Fourth, the model predicts greater extinction risk at higher populations.39 That alone ought to tell the Court that something is seriously wrong here. If the model did represent realitywhich it does notone could decrease the extinction risk to Rogue River coho by taking the screens off at Savage Rapids Dam.
Fifth, the model has a "double-whammy" effect that exaggerates the shock of random events on coho populations. Even though it includes a parameter to vary productivity in accordance with the observed variation in populations (including variability from varying ocean conditions), it also includes an "ocean" factor that is arbitrarily set to reduce productivity further if modeled ocean conditions are worse than average. It is only by setting the ocean survival factor at half the measured rate (see DX64, at 5, 9), and then adding the random factor that further reduces productivity, that any appreciable risks of "quasi-extinction" were generated.
In fact, future Rogue River coho salmon runs are likely to increase further because "the ocean can be expected to cycle back to a more productive phase, as it has tended to do through time". (Mathews Decl. ¶ 8) As Mr. Cramer points out, the fact that the Rogue River wild coho runs decreased only slightly in the face of four consecutive years of truly awful conditions is powerful evidence that they are not at risk of extinction. (See 2d Cramer Decl. ¶ 36)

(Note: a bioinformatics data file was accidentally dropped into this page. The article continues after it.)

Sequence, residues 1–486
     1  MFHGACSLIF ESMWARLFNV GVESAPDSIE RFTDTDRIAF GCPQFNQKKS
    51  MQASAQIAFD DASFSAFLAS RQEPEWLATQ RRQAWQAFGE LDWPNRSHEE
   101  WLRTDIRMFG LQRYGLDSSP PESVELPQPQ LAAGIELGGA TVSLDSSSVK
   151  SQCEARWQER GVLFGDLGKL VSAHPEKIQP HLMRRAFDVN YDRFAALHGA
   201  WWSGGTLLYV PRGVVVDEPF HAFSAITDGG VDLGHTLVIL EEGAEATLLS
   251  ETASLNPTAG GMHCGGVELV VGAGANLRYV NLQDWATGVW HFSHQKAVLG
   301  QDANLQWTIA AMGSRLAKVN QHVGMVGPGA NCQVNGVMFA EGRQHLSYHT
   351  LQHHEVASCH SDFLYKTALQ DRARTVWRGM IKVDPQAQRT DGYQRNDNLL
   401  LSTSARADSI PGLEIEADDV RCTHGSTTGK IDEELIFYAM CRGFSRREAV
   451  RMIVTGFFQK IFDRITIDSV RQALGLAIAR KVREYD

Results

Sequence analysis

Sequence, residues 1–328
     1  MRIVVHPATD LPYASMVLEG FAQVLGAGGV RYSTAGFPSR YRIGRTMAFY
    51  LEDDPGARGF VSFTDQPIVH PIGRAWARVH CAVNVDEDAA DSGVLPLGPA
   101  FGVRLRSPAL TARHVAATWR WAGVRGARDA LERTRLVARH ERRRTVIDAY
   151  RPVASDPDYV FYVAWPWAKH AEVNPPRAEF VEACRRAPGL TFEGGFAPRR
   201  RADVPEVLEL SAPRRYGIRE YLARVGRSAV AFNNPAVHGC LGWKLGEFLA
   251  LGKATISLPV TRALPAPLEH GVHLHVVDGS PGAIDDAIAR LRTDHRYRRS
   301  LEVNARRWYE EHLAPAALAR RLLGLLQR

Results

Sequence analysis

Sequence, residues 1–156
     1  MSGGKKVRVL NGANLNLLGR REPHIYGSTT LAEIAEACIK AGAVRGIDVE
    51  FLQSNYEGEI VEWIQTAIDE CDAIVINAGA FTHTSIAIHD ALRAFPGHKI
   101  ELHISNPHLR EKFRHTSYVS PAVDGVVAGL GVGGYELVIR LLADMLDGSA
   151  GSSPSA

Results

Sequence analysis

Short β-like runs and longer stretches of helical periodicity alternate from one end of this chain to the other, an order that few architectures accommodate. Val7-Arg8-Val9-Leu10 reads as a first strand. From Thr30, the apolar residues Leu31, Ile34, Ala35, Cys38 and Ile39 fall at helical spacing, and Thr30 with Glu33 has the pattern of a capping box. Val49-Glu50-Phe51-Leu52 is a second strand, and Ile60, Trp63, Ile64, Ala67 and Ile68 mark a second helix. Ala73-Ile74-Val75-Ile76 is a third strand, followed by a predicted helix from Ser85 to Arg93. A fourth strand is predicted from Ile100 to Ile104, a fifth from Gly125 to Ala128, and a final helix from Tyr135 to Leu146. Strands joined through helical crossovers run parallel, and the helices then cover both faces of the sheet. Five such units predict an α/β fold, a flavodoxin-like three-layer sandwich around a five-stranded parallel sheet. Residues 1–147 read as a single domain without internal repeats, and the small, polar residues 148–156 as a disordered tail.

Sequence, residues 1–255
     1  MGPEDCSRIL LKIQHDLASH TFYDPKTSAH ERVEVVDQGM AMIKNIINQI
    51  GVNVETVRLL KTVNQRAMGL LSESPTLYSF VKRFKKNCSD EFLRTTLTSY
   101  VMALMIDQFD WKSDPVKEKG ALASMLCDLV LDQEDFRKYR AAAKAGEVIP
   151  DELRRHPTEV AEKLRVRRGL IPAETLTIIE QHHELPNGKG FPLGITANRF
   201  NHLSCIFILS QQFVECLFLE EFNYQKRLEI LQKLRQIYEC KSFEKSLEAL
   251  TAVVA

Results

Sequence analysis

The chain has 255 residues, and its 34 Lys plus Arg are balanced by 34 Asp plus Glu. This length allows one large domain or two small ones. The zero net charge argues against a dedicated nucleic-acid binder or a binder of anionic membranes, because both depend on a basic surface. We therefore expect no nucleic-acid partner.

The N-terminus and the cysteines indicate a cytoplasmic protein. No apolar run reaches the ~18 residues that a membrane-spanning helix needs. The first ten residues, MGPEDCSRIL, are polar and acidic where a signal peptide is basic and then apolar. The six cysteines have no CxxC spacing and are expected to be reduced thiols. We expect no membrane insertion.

The notion that random events other than human-caused impacts will cause extinction is purely theoretical. As one paper cited by the Status Review reported: ". . . no biologist has documented the extinction of a continental species of a plant or animal caused solely by non-human agencies such as competition, disease or environmental perturbation in situations unaffected by man."40 Harvest rates on adult coho salmon that "have at times exceeded 80%" (62 Fed. Reg. at 24,604) might cause extinction. The 1.3% take at Savage Rapids Dam never will; "observed large scale changes in smolt-to-adult survival and ocean harvest rate are orders of magnitude greater in their effect on Rogue coho returns than the small mortality on coho imposed at Savage Rapids Dam". (2d Cramer Decl. ¶ 37)